Graph App Development for Neo4j Desktop

This guide explains how to develop a Graph App for Neo4j Desktop.
This article assumes that you already have a basic understanding of HTML and CSS. It will also discuss some concepts of Single Page Applications.
  1. Basic knowledge of HTML and JavaScript and an understanding of Single Page Applications (SPAs)

  2. Knowledge of the offical JavaScript Drivers

  3. If you haven’t already, download and install Neo4j Desktop


So, you would like to build a Graph App? You are in good company, many enterprises and community developers are building Graph Apps for a wide range of use cases. These range from utility tools like monitoring tool Halin and educational Graph Apps like Neuler to visulisation apps including GraphXR by Kineviz and NeoMap.

Graph apps can be built with vanilla HTML and JavaScript, but most commonly we see these built with modern front end frameworks like React or Vue.js. Whichever framework you choose to build your application, you will interact with the Graph the same way; by running a Cypher Query through the Official JavaScript drivers. There is plenty of content over on the JavaScript developer guides so we will not cover this in too much detail, only the nuances around how the driver works with the Neo4j Desktop API.

If you are looking for inspiration, head over to the Graph App Gallery to see what other developers have built. Otherwise, let’s get started.

Installing Driver Dependencies

The official JavaScript driver is available via npm using the npm install or yarn add command.

npm install --save neo4j-driver

Alternatively, if your graph app will be used in a context where the always has an active internet connection, you can obtain the driver via a CDN.

<!-- unpkg CDN non-minified -->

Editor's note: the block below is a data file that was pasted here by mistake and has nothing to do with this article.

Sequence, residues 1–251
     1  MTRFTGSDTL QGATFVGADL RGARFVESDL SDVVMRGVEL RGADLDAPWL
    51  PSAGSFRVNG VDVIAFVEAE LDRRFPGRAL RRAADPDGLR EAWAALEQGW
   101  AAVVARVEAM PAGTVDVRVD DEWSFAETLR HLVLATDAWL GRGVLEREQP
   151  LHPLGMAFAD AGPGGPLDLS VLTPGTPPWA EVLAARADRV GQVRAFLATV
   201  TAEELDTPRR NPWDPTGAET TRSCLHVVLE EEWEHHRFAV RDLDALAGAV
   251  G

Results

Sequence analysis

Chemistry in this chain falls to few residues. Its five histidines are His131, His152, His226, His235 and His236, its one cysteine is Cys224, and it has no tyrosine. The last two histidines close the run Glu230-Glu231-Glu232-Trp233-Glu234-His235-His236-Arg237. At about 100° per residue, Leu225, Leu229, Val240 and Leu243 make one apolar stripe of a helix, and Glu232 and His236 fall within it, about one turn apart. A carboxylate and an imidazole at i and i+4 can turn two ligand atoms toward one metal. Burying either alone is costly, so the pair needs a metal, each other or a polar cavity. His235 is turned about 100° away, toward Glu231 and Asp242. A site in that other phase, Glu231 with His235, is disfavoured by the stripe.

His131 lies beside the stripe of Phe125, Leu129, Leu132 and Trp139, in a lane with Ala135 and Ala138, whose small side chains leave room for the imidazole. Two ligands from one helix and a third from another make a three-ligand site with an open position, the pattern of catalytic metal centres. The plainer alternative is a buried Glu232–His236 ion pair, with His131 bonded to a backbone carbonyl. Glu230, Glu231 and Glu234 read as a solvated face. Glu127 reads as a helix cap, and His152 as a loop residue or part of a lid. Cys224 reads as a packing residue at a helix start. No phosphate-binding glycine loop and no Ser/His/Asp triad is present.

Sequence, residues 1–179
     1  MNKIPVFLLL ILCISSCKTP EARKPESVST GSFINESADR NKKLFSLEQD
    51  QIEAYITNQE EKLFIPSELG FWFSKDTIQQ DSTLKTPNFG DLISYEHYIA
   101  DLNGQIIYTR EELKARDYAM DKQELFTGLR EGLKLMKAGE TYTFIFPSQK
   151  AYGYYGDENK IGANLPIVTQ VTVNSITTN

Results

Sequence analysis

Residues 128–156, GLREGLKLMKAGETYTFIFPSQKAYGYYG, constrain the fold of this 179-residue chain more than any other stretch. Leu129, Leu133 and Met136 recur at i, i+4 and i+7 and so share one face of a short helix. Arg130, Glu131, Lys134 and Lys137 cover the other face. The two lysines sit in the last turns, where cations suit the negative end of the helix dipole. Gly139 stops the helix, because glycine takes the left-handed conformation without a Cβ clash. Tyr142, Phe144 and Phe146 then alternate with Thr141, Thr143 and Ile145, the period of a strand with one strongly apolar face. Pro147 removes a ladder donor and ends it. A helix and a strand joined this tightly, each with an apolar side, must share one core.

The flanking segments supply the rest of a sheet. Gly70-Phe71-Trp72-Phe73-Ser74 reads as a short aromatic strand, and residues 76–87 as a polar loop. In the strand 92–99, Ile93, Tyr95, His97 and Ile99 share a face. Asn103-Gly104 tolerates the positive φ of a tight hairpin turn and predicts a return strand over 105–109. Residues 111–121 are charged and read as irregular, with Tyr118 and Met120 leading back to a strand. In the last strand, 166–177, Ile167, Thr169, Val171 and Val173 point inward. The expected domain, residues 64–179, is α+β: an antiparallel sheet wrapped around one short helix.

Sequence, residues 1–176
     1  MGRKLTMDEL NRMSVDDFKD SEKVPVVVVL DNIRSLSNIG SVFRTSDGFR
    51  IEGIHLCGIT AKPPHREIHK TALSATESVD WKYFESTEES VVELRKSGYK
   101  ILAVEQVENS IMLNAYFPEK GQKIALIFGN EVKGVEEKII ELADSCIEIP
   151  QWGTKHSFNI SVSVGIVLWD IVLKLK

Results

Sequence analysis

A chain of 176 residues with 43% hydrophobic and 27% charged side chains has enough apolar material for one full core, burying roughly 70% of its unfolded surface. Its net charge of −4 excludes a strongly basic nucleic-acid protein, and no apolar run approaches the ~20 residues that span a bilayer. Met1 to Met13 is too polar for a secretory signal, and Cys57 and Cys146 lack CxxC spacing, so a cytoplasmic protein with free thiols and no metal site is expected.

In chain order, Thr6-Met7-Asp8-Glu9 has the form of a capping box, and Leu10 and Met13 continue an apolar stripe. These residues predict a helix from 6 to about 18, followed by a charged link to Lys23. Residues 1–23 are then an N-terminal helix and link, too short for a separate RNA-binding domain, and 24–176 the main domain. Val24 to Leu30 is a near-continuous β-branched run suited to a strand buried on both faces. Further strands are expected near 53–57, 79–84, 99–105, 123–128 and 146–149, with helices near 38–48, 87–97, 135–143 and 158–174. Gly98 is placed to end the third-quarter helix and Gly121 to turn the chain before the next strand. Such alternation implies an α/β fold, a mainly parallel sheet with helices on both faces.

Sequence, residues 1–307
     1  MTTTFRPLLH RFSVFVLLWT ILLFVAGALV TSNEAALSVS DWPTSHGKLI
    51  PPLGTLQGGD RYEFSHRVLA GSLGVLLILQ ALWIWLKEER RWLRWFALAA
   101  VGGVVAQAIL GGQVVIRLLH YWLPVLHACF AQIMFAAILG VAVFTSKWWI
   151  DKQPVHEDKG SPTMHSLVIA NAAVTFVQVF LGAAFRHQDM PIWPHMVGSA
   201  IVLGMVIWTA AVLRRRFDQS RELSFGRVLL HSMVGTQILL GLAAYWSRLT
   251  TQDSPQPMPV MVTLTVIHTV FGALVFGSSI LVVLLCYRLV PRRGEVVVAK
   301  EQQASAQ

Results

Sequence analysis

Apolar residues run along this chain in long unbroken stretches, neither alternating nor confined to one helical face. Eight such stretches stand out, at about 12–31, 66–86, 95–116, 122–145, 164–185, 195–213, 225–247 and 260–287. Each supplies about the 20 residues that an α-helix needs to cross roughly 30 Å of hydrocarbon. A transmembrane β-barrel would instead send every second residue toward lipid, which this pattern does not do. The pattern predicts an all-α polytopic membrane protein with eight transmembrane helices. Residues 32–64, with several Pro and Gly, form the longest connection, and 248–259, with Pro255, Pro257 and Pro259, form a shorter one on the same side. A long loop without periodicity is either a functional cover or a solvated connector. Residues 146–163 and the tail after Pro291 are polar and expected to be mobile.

<script src=""></script>

<!-- jsDelivr CDN non-minified -->
<script src=""></script>

Enabling Developer Tools

Neo4j Desktop comes with a Development App that can be used while developing and debugging your Graph App. To enable Development Mode, click on the Settings Settings Icon icon in the bottom left hand corner of the screen to reveal the Settings pane.

At the bottom of the Settings pane, you will see a Developer Tools form. Click Enable Development Mode and add fill out the Entry Point and Root Path.

Developer Tools window with Enable development mode checkbox and fields for Entry Point and Root Path
Figure 1. Developer Tools form
  • Entry Point: This is the path to your app, either a location of a HTML file (for example file:///Users/me/my-graph-app/index.html) or a HTTP url where your app is being served (for example http://localhost:8080).

  • Root Path: This is the path to the root of your development project. If you are running Background Processes, this should be the location of the files that contain your Java or Node.js processes - if in doubt, you can just set it to /.

Getting the Context

If you require access to the the list of projects and databases that the user has configured in Neo4j Desktop, you can access this via the Context API. There are two ways of accessing Neo4j Desktop’s context, either through the Injected API or using GraphQL.

Neo4j Desktop provides information about the current desktop environment via the neo4jDesktopApi object that is injected into the window. This will provide you with a list the Projects and Database that the user has created.

Injected API

The Injected API is provided through the neo4jDesktopApi object. The getContext() method returns a Promise which in turn resolves to an object containing a projects key. Each Project contains a list of Neo4j Databases and a list of files.

if ( window.neo4jDesktopApi ) {